Sleep Disorders

Sleep Disorders

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Why the Doctor Treats Snoring Seriously

The movies and TV often depict snoring as funny, even hilarious. But snoring is no joke: It's a medical problem that can have serious health and social implications.

Up to half of adults snore at some time in their life. Of those, half are habitual snorers who may keep their partners awake just about every night by snoring in any sleeping positions, but most commonly when the snorer is on his or her back.

When you hear someone snoring, it means air is not flowing freely through the back of the throat. The sound occurs when air causes vibration of the soft palate and the uvula, the tiny pink flap of tissue that hangs down at the rear of your throat. Snoring may be caused by a number of things, including enlarged tonsils or allergies.

The average snorer is a man in his early 40s or older. In fact, snoring affects men more often than women. The risk increases with age for both men and women.  

Although snoring is a common symptom of obstructive sleep apnea (OSA), not all snorers have OSA. Primary snoring is snoring without the symptoms of sleep disruption, insomnia, or sleepiness during the daytime. About 20% to 50% of snorers may have OSA, a condition in which tissue if the upper airway obstructs the airway so that the person has very shallow breathing (hypopnea) or actually stops breathing (apnea). OSA is defined as having more than 5 apnea or hypopneas per hour with either microarousals to lighter sleep, or lowering of the body's oxygen by less than 4% each for 10 seconds or more. Microarousals are events in which a person goes from deeper to lighter sleep to improve muscle tone of the upper airway and allow better oxygen flow. Some people will even wake up gasping for breath. In severe cases, breathing may stop for 60 to 90 seconds up to several hundred times a night. 

People with OSA seldom feel well-rested, and decreased alertness during the day makes them more prone to accidents. Severe cases can cause a drop in oxygen, straining the heart. OSA is also a leading cause of high blood pressure.

The standard treatments for sleep apnea involve weight loss, not sleeping on your back, evaluation of the nasal passages and upper airway for obstruction (and surgical correction where necessary), and wearing a continuous positive airway pressure (CPAP) mask on the nose while sleeping to help splint open the upper airway. Your doctor may also recommend other therapies, including a dental device fitted by a dentist to move the lower jaw forward slightly.

To limit snoring

  • Control your weight. Extra pounds can aggravate snoring.

  • Avoid alcohol, sleeping pills and tranquilizers. They blunt the body's drive to breathe, worsening sleep apnea.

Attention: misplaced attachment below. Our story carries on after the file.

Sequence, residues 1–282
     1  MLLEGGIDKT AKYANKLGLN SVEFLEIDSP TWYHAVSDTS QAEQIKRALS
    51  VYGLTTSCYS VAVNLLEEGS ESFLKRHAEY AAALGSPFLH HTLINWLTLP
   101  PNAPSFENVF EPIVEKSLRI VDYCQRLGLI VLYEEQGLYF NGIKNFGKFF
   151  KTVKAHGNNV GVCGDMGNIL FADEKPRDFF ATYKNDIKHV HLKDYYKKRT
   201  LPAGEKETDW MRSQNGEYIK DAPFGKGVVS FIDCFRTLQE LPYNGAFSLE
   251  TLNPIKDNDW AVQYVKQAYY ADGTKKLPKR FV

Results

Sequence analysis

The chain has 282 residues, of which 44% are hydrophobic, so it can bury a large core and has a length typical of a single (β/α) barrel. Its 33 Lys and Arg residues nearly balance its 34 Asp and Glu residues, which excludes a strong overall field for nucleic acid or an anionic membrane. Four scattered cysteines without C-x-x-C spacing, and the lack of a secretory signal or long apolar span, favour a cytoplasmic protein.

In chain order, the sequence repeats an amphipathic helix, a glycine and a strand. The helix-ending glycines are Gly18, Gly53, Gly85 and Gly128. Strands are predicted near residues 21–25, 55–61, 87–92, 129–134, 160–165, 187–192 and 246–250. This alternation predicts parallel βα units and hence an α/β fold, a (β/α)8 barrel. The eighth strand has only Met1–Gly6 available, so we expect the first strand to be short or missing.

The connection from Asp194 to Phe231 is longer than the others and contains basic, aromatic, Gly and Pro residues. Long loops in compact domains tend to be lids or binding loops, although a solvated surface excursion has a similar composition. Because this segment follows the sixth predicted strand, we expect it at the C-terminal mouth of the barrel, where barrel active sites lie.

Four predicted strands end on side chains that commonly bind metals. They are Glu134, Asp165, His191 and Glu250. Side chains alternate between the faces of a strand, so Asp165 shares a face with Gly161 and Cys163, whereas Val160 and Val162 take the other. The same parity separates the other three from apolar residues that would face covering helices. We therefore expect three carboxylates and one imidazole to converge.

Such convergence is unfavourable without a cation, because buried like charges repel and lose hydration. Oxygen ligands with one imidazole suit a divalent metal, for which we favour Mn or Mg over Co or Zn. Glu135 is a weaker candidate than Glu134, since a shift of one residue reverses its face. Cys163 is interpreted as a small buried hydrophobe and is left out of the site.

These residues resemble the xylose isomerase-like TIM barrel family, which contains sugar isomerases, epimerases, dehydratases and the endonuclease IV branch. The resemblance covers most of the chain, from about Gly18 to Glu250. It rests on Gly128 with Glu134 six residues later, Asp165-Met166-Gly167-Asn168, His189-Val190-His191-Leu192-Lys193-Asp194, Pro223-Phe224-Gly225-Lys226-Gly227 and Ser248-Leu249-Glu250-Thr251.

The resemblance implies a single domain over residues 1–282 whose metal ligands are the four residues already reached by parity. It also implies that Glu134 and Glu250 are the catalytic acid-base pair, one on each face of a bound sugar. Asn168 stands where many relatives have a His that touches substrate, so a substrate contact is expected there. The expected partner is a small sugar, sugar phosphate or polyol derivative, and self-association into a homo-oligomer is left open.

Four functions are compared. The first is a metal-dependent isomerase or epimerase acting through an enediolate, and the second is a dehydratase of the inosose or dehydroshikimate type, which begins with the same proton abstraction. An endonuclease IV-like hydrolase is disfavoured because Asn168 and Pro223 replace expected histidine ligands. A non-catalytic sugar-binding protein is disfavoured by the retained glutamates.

• Sleep on your side. On your back, the tongue tends to fall backward into the throat, reducing air flow. You snore as you breathe through your mouth to compensate.

  • Keep a routine schedule with adequate sleep. Lack of rest may worsen snoring.

  • Avoid smoking and exposure to secondhand smoke.

Seven out of every ten Americans get out of bed in the morning unraveled and unrestored. Sometimes their sleep is disrupted because of life's stresses, illness, lifestyle excesses, or personal physical makeup. Untreated, these issues over time can develop into a chronic and serious disorder. Too often we tend to think that's just the way it is. But it doesn't have to be.

Some of the Disorders we diagnose and treat are:

 

 
• Snoring is the sound produced by obstructed breathing during sleep. People who snore have an increased risk of high blood pressure, heart disease, and stroke. More study is needed to determine whether those snorers at risk for more serious problems are people who have actual pauses in breathing while snoring, called sleep apnea.
• Sleep Apnea is a condition in which breathing is repeatedly interrupted during sleep. The time period for which the breathing stops or decreases is usually between 10 and 30 seconds. When these episodes occur repeatedly, sleep apnea can seriously disrupt the quality of sleep.
• Restless Leg Syndrome (RLS) is a neurologic disorder. It is characterized by: Unpleasant sensations in the legs or an irresistible urge to move your legs
• Narcolepsy is a disorder of the nervous system. It results in frequent, involuntary, episodes of sleep during the day. Sleep attacks can occur while you drive, talk, or work.
• Insomnia is a poor quality sleep. This may mean a lack of sleep or difficulty staying asleep. Some have trouble falling asleep, or problems waking in the middle of the night or very early in the morning.

Remember, an untreated sleep disorder can seriously impact your health or even shorten your life. The price you pay for a bad night's sleep varies from poor perception and judgment, reduced efficiency or productivity, an irritable mood, even the inability to understand or retain information. A lack of sleep also makes you more susceptible to accidents.

Our physicians, who are board certified in Sleep Medicine, will diagnose the specific issue that's keeping you from a good night's sleep. We provide a broad range of services and treatments to get you back on the path to restorative sleep. And, should your diagnosis require equipment such as a CPAP machine, Valley Home Care staff can work closely with you and your physician to provide the equipment and support you need to be successful with your therapy.